Following an application from Wrigley GmbH submitted pursuant to Article 14 of Regulation (EC) No 1924/2006 via the Competent Authority of United Kingdom, the Panel on Dietetic Products, Nutrition and Allergies was asked to deliver an opinion on the scientific substantiation of a health claim related to sugar-free chewing gum and maintenance of tooth mineralisation which reduces the risk of dental caries.
The scope of the application was proposed to fall under a health claim referring to disease risk reduction.
The food, which is the subject of the health claim, is sugar-free chewing gum containing both bulk sweeteners (typically xylitol, sorbitol and mannitol) and high intensity sweeteners that are authorised for use in the EU. Typical proportions used for manufacturing sugar-free chewing gum are described by the applicant. The ingredients are well characterised and can be measured by established methods. The Panel considers that the food, sugar-free chewing gum, which is the subject of the health claim, is sufficiently characterised.
The claimed effect is “sugar-free chewing gum maintains tooth mineralisation which reduces the risk of dental caries”. The target population is the general population. The Panel considers that reducing tooth demineralisation might be a beneficial physiological effect in the context of reducing the risk of caries.
The applicant identified a total of 37 publications, which included 21 human intervention studies, one human observational study, one meta-analysis, one systematic review, eight other review publications, and five guidelines/consensus opinions. Eight in situ studies investigated the effect of chewing sugar free gums on net remineralisation of tooth tissues with lesions rather than on net demineralisation of enamel. The Panel considered that no conclusions could be drawn from these studies for the substantiation of the claimed effect.
One meta-analysis comprised 19 articles including six randomised controlled trials, nine controlled clinical trials and four cohort studies which investigated the efficacy of interventions using sugar-free chewing gums compared to no gum chewing. The studies lasted 24 to 40 months; the populations were all school aged children, representing different socio-economic status and countries. The polyols used were xylitol, xylitol-sorbitol blend, sorbitol and sorbitol-mannitol blend. The most common outcome was development of caries lesions. The outcome used in the meta-analysis was prevented fraction (PF). Pooled results revealed a PF of 58 % for the xylitol-containing gum, 52 % for the xylitol/sorbitol-containing gum, and 20 % for the sorbitol-containing gum. In addition, two out of three studies using a sorbitol-mannitol gum showed a reduction in the incidence of caries lesions. One study included in the meta-analysis used a xylitol gum, a sorbitol gum and a control gum without bulk sweeteners in a three year intervention. The study found that caries increments were significantly lower for all three gums, including the control gum, compared to the no gum group; indicating that a caries reduction occurs regardless of the presence of bulk sweetener in the sugar-free gum.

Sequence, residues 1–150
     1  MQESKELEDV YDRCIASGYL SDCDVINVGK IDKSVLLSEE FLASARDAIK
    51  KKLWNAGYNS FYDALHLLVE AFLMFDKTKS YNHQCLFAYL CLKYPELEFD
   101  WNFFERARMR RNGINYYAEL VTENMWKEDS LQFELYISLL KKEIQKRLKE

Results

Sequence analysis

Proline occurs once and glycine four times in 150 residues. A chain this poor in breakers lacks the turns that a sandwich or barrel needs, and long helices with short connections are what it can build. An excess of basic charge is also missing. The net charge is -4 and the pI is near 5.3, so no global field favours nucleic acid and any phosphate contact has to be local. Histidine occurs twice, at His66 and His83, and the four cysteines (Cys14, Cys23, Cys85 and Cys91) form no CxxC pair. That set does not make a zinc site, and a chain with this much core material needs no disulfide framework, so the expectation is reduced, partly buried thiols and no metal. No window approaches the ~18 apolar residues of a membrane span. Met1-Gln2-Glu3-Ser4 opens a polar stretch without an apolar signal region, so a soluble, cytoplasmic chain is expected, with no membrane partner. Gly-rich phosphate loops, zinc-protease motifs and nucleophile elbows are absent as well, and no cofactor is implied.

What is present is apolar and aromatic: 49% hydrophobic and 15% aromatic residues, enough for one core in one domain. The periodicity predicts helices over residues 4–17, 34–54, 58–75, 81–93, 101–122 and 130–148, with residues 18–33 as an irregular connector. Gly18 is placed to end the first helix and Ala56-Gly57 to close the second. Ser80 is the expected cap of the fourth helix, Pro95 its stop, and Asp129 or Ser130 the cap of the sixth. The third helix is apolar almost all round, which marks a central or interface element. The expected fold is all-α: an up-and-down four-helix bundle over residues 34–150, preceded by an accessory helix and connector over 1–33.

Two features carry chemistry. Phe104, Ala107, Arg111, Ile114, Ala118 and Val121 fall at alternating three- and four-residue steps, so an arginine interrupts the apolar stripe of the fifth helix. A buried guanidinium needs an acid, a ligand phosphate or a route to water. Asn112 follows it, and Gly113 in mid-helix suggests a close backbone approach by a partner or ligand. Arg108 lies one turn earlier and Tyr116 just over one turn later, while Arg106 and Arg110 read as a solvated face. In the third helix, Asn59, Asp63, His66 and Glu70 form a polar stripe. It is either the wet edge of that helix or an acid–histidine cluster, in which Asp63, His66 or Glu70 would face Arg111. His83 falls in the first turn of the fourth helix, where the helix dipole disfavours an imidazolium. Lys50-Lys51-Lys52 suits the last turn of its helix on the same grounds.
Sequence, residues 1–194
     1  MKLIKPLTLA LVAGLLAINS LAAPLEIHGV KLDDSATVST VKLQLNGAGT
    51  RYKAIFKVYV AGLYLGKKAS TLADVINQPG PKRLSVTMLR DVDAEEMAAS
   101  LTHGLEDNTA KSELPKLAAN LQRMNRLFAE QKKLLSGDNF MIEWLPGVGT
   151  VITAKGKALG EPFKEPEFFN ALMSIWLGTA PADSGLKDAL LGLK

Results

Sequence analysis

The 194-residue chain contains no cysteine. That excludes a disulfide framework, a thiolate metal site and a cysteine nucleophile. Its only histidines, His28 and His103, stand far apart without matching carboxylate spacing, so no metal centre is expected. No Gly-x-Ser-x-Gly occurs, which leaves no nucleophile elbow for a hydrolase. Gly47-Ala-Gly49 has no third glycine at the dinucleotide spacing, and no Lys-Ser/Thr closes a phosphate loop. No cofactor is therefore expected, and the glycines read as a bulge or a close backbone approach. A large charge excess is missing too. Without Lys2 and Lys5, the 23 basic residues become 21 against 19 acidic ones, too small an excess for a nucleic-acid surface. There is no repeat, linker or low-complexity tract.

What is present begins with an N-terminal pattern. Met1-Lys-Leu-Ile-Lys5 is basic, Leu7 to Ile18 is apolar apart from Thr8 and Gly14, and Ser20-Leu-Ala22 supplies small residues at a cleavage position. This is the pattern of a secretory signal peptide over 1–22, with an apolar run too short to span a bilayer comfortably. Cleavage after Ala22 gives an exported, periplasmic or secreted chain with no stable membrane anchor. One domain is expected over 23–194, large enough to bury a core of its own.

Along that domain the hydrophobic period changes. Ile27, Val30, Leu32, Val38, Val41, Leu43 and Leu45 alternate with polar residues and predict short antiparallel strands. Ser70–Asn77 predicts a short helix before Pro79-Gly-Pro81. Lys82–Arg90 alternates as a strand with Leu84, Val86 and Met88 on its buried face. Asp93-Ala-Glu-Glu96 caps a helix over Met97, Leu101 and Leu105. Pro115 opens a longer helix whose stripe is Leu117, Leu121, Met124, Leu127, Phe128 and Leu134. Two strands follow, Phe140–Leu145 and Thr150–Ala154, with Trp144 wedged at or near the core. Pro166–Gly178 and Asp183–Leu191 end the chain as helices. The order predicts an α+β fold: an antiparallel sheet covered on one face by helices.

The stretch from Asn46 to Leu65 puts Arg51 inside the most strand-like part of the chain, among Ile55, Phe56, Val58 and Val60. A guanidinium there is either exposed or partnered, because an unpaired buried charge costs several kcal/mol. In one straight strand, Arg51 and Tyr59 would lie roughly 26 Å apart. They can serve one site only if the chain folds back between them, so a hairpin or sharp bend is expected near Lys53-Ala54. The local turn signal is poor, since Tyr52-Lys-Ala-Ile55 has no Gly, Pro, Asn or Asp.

A systematic review included eight trials on the effects of using sugar-free gum with sorbitol, with xylitol, and with a combination of sorbitol/xylitol. The use of chewing gum varied in frequency per day and duration. Seven out of eight studies demonstrated significant caries reduction. Caries reduction appeared to be independent of polyol type, polyol composition and concentration and chewing regimes.
The de- and remineralisation equilibrium of teeth is mainly driven by saliva and the main contributors are flow rate and concentrations of calcium, phosphate, and bicarbonate. At rest, low amounts of saliva are secreted, but stimulation by chewing may increase saliva flow more than 10-fold. When flow rate increases, saliva concentration of calcium, phosphate and bicarbonate also increases, and such increases favour remineralisation of tooth crystals.
In weighing the evidence, the Panel took into account that almost all of the clinical trials of sugar-free chewing gum consumption showed reduced tooth demineralisation as indicated by a reduction in caries incidence, and that there was strong evidence supporting the biological plausibility for the effect.
The Panel concludes that a cause and effect relationship has been established between the consumption of sugar-free chewing gum and reduction of tooth demineralisation and a reduction in incidence of caries. Tooth demineralisation may contribute to increased risk of caries.
The Panel considers that, in order to obtain the claimed effect, 2-3 g of sugar-free chewing gum should be chewed for 20 minutes at least three times per day after meals. This quantity and pattern of use of chewing gum can easily be included within a balanced diet.
There is a risk of osmotic diarrhoea at excessive intakes of polyols. The use of chewing gum should be avoided in children less than three years of age owing to a high choking hazard of chewing gum in this age group.